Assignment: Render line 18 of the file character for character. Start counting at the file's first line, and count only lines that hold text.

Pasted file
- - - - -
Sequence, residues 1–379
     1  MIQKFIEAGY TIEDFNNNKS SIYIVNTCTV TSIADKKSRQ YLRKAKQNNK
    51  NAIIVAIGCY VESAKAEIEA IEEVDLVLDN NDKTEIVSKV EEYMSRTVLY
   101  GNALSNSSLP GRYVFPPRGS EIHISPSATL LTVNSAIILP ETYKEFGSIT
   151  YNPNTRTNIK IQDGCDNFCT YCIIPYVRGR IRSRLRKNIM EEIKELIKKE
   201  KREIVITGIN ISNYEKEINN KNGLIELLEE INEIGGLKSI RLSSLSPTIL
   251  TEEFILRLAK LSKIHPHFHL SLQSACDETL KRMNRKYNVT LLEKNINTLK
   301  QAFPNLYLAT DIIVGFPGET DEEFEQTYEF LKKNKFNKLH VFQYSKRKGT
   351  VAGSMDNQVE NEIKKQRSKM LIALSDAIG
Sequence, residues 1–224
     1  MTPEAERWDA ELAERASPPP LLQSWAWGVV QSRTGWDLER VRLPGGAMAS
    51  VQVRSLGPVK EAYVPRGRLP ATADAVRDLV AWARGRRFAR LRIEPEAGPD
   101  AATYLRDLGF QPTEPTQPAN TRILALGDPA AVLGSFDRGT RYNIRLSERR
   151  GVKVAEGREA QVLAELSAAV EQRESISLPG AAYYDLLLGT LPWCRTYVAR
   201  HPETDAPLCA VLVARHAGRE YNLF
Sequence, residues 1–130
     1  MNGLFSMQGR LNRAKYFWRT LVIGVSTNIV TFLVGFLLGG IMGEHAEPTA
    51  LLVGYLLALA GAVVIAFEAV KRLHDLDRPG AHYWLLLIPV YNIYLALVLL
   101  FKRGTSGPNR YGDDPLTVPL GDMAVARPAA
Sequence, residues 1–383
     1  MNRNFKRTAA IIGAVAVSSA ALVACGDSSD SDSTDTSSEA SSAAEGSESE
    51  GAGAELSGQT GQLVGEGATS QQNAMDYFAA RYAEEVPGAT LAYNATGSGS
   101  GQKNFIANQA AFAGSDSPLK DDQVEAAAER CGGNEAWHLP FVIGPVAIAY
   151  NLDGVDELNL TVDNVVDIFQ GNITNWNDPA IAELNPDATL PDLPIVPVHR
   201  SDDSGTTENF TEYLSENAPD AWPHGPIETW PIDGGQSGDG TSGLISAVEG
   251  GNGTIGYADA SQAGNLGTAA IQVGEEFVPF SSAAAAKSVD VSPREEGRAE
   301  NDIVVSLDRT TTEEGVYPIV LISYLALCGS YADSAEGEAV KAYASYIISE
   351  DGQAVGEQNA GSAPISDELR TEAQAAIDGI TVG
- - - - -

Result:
    51  LLVGYLLALA GAVVIAFEAV KRLHDLDRPG AHYWLLLIPV YNIYLALVLL